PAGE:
Can I use the "thud" sound from "Lost"?
September 23, 2005 1:23 PM   Subscribe

Can sound effects be trademarked?

Easy example: the gavel clunk from "Law & Order." Or, perhaps, the sound of light sabers in "Star Wars." In many of these cases, the techniques used to create the sound are well known, and easily reproducible. So can they be trademarked, or subject to copyright, or basically protected to prevent, say, using the "Law & Order" gavel clunk in your indie movie's courtroom scene? Is it's familiarity a factor, and perhaps a gray area (since you may be venturing toward "parody")?

I'm putting together a fan podcast for "Lost," and am really only looking to use the show's signature signoff "thud" sound. It sounds very much to me like a basic bang, slowed down and with bass amplified for added oomph. Is this kosher?

Does it just fall into the fuzzy area that all fan sites and other fan products do when it comes to reproducing various media - i.e. go ahead and do it unless they tell you not to?
posted by pzarquon to Media & Arts (14 answers total)
Some background material
posted by sad_otter at 1:28 PM on September 23, 2005

Dr. Dre apparently wanted to use the THX "Deep Note" signature sound as the opener to his album "Dr. Dre: 2001." After being refused by Lucasarts, the sound ended up on his record anyway. Voila, lawsuit. Dre claimed that he had, after being rejected, recreated the sound himself from scratch in the studio. True or no, I can't find what eventually happened with the suit, but less-than-sure sources say that it was settled.

In conclusion, to be on the safe side try to get permission to use any "signature" noises in commercial products.

Or throw some satire in there, what with fair use and all.
posted by plexiwatt at 1:31 PM on September 23, 2005

Fair use doesn't necessarily require satire.

Fair use FAQ. You should be able to use a clip for the purpose of commentary (the canonical example given is a book review).

I assume you're in the USA. Laws vary by country, YMMV, etc.
posted by GuyZero at 1:36 PM on September 23, 2005

I'm pretty sure the "opening" sounds on both Windows and Macintoshes are copyrighted, if not trademarked.
posted by Thorzdad at 1:47 PM on September 23, 2005

Harley Davidson has trademarked the sound of their bikes, and they have sued people for recording the sound for use in songs without their permission. Mention of this is frequently made by Steven St. Croix in Mix magazine.
posted by ZenMasterThis at 1:55 PM on September 23, 2005

Harley Davidson's Roar Trademark
posted by ericb at 1:56 PM on September 23, 2005

Brian Eno created "the Microsoft Startup Sound."
posted by ericb at 1:57 PM on September 23, 2005

Eno on the Microsoft Sound.
posted by ericb at 1:58 PM on September 23, 2005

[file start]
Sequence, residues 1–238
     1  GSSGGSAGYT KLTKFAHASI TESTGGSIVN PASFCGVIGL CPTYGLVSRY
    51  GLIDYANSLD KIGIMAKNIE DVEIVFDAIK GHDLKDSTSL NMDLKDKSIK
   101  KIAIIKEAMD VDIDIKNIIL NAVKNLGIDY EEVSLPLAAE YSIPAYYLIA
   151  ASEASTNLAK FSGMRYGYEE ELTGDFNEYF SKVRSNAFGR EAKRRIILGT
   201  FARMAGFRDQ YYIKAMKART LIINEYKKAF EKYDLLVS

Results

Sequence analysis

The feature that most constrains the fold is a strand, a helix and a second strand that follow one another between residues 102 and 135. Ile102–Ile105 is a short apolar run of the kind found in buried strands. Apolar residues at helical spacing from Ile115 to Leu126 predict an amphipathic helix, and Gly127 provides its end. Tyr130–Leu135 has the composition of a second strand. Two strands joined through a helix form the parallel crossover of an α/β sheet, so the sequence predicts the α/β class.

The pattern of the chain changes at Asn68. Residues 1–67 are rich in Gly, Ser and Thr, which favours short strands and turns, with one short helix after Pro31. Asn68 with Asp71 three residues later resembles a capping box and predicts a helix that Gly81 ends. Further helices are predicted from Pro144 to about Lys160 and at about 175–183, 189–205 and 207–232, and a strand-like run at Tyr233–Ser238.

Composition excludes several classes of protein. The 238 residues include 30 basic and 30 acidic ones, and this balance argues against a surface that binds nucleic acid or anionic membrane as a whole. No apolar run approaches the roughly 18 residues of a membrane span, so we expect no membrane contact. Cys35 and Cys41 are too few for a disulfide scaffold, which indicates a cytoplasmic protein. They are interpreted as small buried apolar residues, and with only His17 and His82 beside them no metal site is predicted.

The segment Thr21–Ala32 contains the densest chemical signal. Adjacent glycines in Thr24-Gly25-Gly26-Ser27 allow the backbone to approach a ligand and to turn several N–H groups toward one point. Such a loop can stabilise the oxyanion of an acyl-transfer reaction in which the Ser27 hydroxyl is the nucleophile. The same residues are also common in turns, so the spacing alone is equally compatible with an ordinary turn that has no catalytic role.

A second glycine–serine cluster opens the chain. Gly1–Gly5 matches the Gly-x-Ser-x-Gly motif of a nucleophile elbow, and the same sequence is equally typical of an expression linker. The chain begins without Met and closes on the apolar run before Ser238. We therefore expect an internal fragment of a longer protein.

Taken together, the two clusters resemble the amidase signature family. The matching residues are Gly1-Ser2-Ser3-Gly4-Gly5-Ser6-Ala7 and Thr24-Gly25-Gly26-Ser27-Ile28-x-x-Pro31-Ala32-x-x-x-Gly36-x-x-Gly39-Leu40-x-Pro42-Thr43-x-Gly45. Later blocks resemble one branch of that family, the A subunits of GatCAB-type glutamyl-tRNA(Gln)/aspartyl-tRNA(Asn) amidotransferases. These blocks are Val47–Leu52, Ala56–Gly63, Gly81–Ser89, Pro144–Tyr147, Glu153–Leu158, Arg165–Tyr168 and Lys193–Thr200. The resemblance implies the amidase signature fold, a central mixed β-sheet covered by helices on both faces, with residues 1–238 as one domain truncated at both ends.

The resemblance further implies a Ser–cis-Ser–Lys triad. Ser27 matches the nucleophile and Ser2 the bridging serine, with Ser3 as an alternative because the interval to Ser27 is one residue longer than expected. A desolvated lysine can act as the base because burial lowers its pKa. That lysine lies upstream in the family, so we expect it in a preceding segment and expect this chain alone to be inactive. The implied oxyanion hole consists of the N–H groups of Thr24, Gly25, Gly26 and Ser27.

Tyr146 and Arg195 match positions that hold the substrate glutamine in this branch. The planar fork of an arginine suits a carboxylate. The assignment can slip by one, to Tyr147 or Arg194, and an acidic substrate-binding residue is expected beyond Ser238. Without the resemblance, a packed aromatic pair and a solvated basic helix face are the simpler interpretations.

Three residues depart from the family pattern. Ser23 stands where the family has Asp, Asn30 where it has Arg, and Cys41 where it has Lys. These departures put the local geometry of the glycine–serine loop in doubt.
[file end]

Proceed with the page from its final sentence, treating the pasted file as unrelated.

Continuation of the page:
THX "Deep Note" made by Dr. James 'Andy' Moorer.
posted by ericb at 2:02 PM on September 23, 2005

IANAL, but I doubt fair use applies. I'd be willing to bet that if you use their sound (or an approximation thereof), the "Lost" people would object on the grounds that it would lead people to believe that your project was associated / funded / condoned by the creators.
posted by grateful at 2:03 PM on September 23, 2005

Best answer: The original question (but not the Harley issue) sounds to me like one of copyright, not of trademark. Being their artistic creation, the sound is copyrighted, so you don't have any automatic rights to use it, just like you couldn't use show dialogue. You could probably come up with a fair use defense to use the "thud" in something about Lost if you were talking about the "thud". If you are using it because you want your podcast to sound the same as the show, and that's the only reason, a fair use defense would be a stretch.

In either case, at this scale you are more concerned about whether they will ever find out than whether they will prevail in court. If you think they will find out, the time and money involved in defending yourself even if there is a valid fair use defense would make it not worth the trouble. If you don't think they will ever find out then whether or not a fair use defense would succeed is irrelevant.
posted by mendel at 2:03 PM on September 23, 2005

A little Google work indicates that this sort of thing is referred to as a "sound mark" (and of course Wikipedia has an article about them). The best known one I can think of is the "Intel Inside" four-note thing... "dah-ding-dah-DING!" See the article for more explanation of the legalities than I can give.
posted by letourneau at 3:09 PM on September 23, 2005

have they actually trademarked it? ... if not, and you can produce the sound with your resources, i'd say go ahead ... you might want to consider making it slightly different, just in case ...

we'd all better hope that hustler magazine doesn't trademark heavy breathing ...
posted by pyramid termite at 5:47 PM on September 23, 2005

Response by poster: Thanks, all. There are other "Lost" podcasts out there using music, dialogue, and other huge swaths of the show, so I think I'll let them be the guinea pigs. Me, I'll just stick with the sound of my wife's voice and mine (and some cheesy stuff I put together in GarageBand).
posted by pzarquon at 1:24 AM on September 26, 2005

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